offers a change of pace for Tom Cruise as a ruthless contract killer, but that's just one of many reasons to recommend this well-crafted thriller. It's from Michael Mann, after all, and the director's stellar track record with crime thrillers (Thief
, and especially Heat
) guarantees a rich combination of intelligent plotting, well-drawn characters, and escalating tension, beginning here when icy hit-man Vincent (Cruise) recruits cab driver Max (Jamie Foxx) to drive him through a nocturnal tour of Los Angeles, during which he will execute five people in a 10-hour spree. While Stuart Beattie's screenplay deftly combines intimate character study with raw bursts of action (in keeping with Mann's directorial trademark), Foxx does the best work of his career to date (between his excellent performance in Ali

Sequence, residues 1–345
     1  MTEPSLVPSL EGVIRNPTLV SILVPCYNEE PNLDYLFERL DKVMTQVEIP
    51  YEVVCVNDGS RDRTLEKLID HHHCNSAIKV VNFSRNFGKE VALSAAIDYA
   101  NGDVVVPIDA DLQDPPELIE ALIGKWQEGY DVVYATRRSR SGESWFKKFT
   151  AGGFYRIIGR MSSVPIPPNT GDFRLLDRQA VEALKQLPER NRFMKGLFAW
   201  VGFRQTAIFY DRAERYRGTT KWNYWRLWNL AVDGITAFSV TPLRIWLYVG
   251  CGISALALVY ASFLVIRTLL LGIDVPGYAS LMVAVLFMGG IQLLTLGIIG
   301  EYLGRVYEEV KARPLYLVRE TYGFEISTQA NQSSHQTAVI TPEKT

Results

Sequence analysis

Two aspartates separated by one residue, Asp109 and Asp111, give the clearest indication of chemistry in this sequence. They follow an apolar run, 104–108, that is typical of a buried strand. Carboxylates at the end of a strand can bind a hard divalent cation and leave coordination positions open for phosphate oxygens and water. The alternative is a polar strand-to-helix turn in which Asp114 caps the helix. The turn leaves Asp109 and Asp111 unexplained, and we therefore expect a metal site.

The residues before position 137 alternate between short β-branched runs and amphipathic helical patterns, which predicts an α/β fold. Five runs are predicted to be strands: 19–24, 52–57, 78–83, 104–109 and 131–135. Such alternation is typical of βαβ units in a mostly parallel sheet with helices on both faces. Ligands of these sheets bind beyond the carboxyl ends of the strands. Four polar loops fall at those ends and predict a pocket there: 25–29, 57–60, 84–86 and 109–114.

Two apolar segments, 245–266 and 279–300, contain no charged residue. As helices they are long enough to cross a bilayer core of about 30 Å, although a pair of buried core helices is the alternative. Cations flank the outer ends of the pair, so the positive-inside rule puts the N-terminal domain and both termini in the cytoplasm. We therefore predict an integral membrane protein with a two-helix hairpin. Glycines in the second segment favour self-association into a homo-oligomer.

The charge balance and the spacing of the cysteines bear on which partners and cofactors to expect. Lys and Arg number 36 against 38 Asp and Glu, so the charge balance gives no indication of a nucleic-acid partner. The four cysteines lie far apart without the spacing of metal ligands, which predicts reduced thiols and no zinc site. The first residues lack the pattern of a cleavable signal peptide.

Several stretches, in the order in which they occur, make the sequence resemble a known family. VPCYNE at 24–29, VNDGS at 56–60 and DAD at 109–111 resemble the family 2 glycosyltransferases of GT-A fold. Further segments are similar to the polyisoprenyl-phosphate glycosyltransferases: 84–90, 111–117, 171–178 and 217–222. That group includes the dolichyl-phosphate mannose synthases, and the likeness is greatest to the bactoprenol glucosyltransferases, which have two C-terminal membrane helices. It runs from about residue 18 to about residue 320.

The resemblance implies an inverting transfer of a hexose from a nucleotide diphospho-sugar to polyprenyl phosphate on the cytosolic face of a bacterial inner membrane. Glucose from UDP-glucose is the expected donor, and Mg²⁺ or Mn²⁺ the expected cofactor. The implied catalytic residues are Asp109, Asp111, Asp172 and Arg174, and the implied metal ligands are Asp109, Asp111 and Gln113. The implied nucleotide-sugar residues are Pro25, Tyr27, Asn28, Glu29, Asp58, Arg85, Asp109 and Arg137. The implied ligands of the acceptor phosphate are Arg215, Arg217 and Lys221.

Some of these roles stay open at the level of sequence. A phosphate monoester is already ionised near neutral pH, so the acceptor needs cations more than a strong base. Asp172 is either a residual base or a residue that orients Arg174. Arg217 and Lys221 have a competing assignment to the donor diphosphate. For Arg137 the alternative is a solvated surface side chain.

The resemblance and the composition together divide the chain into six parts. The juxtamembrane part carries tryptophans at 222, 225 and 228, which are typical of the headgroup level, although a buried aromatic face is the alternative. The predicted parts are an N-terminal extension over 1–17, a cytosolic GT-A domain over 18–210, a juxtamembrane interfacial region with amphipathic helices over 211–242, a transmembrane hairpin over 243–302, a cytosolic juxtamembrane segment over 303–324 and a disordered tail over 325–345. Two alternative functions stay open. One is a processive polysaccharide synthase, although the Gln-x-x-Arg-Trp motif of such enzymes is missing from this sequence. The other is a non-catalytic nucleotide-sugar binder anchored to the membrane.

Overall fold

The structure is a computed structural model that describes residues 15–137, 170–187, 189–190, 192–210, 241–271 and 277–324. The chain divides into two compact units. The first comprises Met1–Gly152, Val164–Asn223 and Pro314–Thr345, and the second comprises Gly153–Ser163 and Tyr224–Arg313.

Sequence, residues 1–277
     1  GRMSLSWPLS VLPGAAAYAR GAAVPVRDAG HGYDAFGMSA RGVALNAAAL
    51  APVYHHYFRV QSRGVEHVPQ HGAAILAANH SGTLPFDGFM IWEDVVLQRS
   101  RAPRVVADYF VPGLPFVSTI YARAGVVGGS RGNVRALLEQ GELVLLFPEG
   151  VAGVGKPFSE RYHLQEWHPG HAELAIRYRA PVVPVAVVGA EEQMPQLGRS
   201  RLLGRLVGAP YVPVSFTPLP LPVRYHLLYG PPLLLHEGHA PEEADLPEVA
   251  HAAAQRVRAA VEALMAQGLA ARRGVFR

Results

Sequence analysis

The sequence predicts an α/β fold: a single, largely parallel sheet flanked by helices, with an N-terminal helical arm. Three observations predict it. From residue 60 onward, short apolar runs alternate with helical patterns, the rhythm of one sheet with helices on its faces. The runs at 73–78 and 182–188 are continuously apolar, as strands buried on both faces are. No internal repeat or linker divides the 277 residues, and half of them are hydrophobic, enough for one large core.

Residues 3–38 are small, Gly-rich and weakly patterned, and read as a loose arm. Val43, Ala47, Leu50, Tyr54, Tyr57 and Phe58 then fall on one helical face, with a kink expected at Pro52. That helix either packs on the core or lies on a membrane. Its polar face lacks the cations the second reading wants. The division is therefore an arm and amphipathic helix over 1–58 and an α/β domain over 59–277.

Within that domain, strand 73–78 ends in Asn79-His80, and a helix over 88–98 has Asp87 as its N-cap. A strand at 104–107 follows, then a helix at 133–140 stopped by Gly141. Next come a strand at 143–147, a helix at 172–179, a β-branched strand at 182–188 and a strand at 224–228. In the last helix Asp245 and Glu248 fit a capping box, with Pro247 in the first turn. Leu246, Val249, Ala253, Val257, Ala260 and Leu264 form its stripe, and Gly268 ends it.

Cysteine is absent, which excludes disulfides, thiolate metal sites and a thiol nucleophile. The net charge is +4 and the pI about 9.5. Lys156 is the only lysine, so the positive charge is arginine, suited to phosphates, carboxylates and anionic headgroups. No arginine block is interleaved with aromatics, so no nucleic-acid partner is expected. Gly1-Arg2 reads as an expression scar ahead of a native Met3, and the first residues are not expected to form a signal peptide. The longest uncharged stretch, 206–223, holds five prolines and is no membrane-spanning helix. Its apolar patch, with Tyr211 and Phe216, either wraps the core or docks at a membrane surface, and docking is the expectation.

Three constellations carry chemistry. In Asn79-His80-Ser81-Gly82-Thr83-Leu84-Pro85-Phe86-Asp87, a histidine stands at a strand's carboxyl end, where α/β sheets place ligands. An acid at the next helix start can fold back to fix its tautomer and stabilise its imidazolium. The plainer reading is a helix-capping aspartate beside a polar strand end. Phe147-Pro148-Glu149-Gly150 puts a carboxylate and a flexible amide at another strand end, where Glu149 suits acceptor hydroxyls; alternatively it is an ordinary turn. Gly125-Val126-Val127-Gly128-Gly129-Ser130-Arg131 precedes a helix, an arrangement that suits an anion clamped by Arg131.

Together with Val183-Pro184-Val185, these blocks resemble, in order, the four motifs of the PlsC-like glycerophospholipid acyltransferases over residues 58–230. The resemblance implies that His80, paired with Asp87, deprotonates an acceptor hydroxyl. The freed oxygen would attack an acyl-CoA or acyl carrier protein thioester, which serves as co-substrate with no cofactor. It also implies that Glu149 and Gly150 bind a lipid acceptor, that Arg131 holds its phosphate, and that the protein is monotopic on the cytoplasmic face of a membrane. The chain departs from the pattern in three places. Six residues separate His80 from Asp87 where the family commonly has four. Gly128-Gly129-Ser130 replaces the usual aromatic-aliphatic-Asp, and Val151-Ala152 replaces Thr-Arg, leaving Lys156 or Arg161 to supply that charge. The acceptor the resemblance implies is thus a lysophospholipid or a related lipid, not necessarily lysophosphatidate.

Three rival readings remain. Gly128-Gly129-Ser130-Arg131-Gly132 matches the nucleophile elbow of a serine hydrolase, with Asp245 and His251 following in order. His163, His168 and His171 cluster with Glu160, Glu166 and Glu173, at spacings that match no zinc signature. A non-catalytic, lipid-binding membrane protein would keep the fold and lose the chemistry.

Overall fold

and his title-role showcase in Ray
), and Cruise is fiercely convincing as an ultra-disciplined sociopath. Jada Pinkett-Smith rises above the limitations of a supporting role, and Mann directs with the confidence of a master, turning L.A. into a third major character (much as it was in the Mann-produced TV series Robbery Homicide Division
is a bit slow at first, but as it develops subtle themes of elusive dreams and lives on the edge, it shifts into overdrive and races, with breathtaking precision, toward a nail-biting climax. --Jeff Shannon
Michael Mann directs this stylish crime thriller, in which Tom Cruise is cast against type as assassin Vincent, who hires taxi driver Max (Jamie Foxx) to take him to five different addresses over the course of one evening - and to wait outside while he carries out his ruthless business. As Max becomes aware of Vincent's true purpose - and realises that one of Vincent's potential victims is Annie (Jada Pinkett Smith), a young, friendly and attractive lawyer who rode in his cab earlier, he must find a way to prevent Vincent from killing again - and to save his own skin. Mark Ruffalo, Bruce McGill and Peter Berg co-star as the three LAPD cops hot on Vincent's tail.